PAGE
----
Bailing out the credit unions expected to cost taxpayer €500m
Published 16/06/2011 | 05:00
IT is likely to cost the State around €500m to bail out credit unions, with close to 80 -- or one in five -- of them are at risk of closing due to a spike in loan arrears and investment losses.
A raft of credit unions will be forced to close unless there is a radical restructuring of the sector including mergers and greater co-operation, a leading credit union activist told a conference yesterday.
John Lass of Cuna Mutual, which is the largest insurer in the world for credit unions, told the conference that Irish credit unions could grow by 7.5pc a year but they had to change radically.
Each credit union is owned and operated individually, which is putting strain on some of the smaller ones. Half of the 413 credit unions in the State have assets of less than €20m.
The Cuna conference heard reports, first published in this newspaper last week, that the Central Bank's registrar of credit unions James O'Brien had calculated that 79 credit unions were at risk of collapse.
Mr Lass said the experience in the US was that large numbers of credit unions had been forced to merge, but this did not mean the movement retreated. Instead, the assets of the sector had grown and the number of branches increased.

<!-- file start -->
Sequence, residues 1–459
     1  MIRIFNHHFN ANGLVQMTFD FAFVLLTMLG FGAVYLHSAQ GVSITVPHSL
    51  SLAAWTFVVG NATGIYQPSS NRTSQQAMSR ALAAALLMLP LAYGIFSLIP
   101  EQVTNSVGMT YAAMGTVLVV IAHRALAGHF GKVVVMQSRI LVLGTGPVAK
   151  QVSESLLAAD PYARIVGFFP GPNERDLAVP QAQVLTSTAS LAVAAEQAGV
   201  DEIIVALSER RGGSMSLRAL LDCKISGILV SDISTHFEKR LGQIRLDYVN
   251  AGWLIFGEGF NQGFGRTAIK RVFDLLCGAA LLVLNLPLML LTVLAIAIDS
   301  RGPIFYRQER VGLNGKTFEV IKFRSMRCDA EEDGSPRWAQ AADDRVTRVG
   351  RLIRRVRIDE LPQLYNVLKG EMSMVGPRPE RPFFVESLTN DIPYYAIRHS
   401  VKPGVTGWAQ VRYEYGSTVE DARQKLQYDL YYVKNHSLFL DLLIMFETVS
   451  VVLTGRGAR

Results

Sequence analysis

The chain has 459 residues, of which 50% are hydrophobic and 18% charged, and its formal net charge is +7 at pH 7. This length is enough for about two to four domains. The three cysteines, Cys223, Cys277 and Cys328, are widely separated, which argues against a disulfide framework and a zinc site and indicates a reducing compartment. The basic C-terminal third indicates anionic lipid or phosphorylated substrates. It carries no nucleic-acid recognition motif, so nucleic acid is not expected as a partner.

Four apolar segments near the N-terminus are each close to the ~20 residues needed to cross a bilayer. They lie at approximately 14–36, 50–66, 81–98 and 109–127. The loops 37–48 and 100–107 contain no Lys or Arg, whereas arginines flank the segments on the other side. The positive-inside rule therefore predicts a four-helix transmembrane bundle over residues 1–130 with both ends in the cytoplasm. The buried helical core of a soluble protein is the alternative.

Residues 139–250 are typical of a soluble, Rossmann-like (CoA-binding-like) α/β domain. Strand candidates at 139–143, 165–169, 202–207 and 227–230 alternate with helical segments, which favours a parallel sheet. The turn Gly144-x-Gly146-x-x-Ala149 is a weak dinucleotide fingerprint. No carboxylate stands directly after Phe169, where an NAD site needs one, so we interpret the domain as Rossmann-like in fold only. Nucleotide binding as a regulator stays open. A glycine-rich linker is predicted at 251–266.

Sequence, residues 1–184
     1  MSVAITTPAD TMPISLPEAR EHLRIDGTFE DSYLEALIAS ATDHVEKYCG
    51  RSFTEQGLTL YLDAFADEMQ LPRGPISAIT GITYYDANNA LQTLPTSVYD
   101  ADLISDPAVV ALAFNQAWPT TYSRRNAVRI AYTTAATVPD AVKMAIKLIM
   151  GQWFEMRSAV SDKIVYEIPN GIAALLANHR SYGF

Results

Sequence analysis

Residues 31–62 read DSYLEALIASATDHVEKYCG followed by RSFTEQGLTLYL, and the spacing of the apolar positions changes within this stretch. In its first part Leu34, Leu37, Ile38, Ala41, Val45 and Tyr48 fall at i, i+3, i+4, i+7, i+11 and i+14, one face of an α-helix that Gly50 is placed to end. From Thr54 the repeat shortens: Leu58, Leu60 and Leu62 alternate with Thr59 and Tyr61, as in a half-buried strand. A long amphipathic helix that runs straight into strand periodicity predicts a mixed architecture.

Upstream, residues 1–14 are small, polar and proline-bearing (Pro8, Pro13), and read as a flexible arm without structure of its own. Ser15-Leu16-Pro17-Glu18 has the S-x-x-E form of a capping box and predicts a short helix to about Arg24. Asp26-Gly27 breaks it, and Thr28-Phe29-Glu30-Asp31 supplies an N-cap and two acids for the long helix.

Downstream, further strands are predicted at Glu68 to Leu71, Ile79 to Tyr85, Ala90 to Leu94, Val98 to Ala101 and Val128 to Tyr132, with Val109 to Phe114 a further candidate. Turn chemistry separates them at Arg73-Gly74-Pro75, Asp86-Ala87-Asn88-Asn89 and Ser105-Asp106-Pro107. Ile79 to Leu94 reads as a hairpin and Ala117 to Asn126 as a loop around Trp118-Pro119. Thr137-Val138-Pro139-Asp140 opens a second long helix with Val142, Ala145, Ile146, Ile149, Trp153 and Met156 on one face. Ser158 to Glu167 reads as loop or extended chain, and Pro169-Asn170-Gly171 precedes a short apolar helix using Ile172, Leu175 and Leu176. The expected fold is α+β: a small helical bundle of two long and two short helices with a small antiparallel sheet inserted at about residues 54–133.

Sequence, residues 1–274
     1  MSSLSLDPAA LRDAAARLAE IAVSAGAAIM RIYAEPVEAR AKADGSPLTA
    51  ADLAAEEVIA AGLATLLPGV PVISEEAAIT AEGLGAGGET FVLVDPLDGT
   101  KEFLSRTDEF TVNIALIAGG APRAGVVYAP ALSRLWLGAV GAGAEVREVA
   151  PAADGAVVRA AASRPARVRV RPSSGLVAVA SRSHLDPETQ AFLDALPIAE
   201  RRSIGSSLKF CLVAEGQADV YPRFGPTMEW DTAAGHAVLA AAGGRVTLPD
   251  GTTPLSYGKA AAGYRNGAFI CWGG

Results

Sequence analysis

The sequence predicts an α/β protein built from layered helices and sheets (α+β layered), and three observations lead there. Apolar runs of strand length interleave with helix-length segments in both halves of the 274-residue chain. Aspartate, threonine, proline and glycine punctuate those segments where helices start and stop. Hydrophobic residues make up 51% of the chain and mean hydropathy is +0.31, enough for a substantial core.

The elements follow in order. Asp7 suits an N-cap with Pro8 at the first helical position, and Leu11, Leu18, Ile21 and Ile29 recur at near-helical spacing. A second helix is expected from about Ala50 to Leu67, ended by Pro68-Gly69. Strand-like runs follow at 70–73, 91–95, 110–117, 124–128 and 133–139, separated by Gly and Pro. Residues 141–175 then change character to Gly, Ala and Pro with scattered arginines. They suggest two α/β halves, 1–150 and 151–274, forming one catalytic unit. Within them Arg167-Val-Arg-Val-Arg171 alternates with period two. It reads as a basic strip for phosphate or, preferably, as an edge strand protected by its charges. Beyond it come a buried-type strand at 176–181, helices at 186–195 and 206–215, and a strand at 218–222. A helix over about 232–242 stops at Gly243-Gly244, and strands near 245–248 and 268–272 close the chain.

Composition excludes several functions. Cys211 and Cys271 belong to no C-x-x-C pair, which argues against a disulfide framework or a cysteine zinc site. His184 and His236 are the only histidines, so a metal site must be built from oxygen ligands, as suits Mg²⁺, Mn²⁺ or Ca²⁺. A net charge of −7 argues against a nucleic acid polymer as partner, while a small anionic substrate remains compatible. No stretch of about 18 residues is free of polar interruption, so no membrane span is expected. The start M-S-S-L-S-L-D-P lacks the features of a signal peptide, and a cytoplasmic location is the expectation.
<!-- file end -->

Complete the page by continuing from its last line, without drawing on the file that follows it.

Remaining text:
In an Irish context, this would mean that instead of a town losing its credit union, the office would still operate but be a branch of a larger credit union.
This would make the movement stronger.
Credit union analyst Bill Hobbs, commenting after the conference, said he estimated that it would cost the State around €500m to bail out credit unions that were at risk of collapse.
Many credit unions would have to be forced into mergers by the Central Bank in a bid to strengthen, but there would still be a need to buttress the reserves of some of the weaker credit unions, Mr Hobbs said.
He pointed out that deposits in credit unions were covered by the state deposit guarantee scheme, which covers amounts up to €100,000 per person.
Cuna said it believed that the Irish unions had it within their power to solve their own financial problems, but others believed a bailout may be necessary.
Irish credit unions have assets of more than €14bn and annual income of €140m.
Credit unions could help fill the gap left by the banking crisis but will first have to solve their own problems, the conference heard.